Working to assist the injured Wedge-Tailed Eagle
Working to assist the injured Wedge-Tailed Eagle Contributed

Outrage as wedge-tailed eagle shot out of Gympie skies

IN a sickening act of local animal cruelty, a wedge-tail eagle was allegedly shot out of the sky near Gympie earlier this week.

The eagle, believed to be a young adult, has received significant damage to it's left wing from a bullet, the fragments of which are still believed to be embedded in the wing.

"Someone had found it just nears Wilsons Pocket Rd," Paula Rowlands says.

"We managed to transport it - very carefully - although it did knick my partner David in the hand as we were trying to move it."

Beyond some notoriously sharp talons, the difficulties of helping the eagle became apparent.

"It was found in a bad way, and was eventually moved to a veterinarian in North Brisbane " Dr Bob Doneley, a registered specialist in bird medicine at the University of Queensland says.

"Because of the size and the difficulty in treating these birds, it was sent to us at the university."


An x-ray of the eagle's wing, showing serious damage to the bone.
An x-ray of the eagle's wing, showing serious damage to the bone. Contributed

Dr Doneley is one of two specialists in Queensland, and only a handful Australia-wide, who specialise in this treatment.

His initial assessment of the eagle, already in an agitated state, reveals a very painful and long road to recovery.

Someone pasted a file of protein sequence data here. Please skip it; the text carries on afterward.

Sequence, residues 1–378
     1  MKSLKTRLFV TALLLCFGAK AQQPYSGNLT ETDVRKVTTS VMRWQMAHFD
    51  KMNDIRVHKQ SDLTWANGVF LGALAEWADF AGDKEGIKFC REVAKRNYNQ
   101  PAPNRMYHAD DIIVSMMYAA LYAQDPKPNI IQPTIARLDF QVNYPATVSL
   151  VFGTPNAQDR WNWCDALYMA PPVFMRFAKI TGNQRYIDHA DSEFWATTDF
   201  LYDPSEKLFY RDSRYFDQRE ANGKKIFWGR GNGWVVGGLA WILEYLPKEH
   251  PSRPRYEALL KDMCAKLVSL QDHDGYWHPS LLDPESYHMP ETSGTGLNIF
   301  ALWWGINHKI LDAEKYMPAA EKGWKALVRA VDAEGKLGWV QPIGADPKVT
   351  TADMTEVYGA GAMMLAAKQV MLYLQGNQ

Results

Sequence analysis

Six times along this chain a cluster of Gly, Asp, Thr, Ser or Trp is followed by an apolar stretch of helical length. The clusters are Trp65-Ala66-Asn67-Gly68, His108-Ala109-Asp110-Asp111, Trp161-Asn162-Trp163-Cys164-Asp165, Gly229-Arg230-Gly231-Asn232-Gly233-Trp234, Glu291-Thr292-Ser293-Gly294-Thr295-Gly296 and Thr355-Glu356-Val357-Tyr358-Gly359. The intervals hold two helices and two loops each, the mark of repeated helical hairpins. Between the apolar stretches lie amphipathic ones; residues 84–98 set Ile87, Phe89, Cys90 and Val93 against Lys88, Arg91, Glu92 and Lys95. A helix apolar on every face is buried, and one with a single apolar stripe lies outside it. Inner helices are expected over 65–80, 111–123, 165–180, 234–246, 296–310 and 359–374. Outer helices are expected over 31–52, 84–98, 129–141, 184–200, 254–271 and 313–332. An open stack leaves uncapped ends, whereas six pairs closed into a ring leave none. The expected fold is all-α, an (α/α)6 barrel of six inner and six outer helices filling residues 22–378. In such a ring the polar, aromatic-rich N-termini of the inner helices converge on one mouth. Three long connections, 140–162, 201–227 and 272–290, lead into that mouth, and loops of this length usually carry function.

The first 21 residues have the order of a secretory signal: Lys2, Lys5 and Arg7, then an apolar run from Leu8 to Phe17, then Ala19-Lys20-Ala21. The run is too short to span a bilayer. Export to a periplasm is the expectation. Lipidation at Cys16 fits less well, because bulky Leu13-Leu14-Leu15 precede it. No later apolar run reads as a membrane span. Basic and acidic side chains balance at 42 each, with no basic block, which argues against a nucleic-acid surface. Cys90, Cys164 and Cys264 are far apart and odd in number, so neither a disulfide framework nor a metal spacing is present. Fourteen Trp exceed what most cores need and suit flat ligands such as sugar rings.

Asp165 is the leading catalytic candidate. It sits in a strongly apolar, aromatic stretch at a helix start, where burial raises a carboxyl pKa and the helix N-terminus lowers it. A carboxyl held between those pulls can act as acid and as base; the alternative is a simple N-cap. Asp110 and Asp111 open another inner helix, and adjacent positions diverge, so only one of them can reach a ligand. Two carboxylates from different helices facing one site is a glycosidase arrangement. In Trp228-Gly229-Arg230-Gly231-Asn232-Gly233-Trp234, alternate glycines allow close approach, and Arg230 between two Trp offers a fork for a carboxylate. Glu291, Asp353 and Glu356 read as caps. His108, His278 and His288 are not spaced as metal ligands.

"The wound was maybe around three days old, and so the main focus at the moment has been cleaning the wound and eliminating any traces of infection," he says.

"Following that, it's a question of treating the injury as an open wound."

There are already a number of proposed treatments for the wing, including using external pins or even bone grafts.

What's consistent though is the amount of time it'll take before the eagle is anywhere near the state and strength it used to be.

"We're easily looking at around a year or so of rehabilitation," Dr Doneley says.

"Even with the fracture healed, it'll be a question of building up the strength and stamina in that wing again.

"If you break your leg and get the cast off, you're not going to run a three-minute mile - same situation."

Being of the few specialists in assisting injured eagles, the Gympie Times asked Dr Doneley if incidences like these are common.

The answer was grim.

"Unfortunately, with a lot of cases where eagles have been shot, they're usually killed outright," he says.

"What is more common is them being run over - they are carrion feeders and it's far more likely they'll be struck by a vehicle."

Wedge-tailed eagles are a protected species and killing them can result in significant fines.

"I'd just like to say if you know of anybody shooting in the area, please report them," Paula Rowlands says.

"They're a beautiful animal and what they're doing is just horrible."

How to help injured eagles

Although the team at UQ are spending tens of thousands of dollars to help these beautiful birds, public assistance and funding is still vital.

Donations to the department are able to be made to the UQ School of Veterinary Science here.

Animal Cruelty:
Animal Cruelty: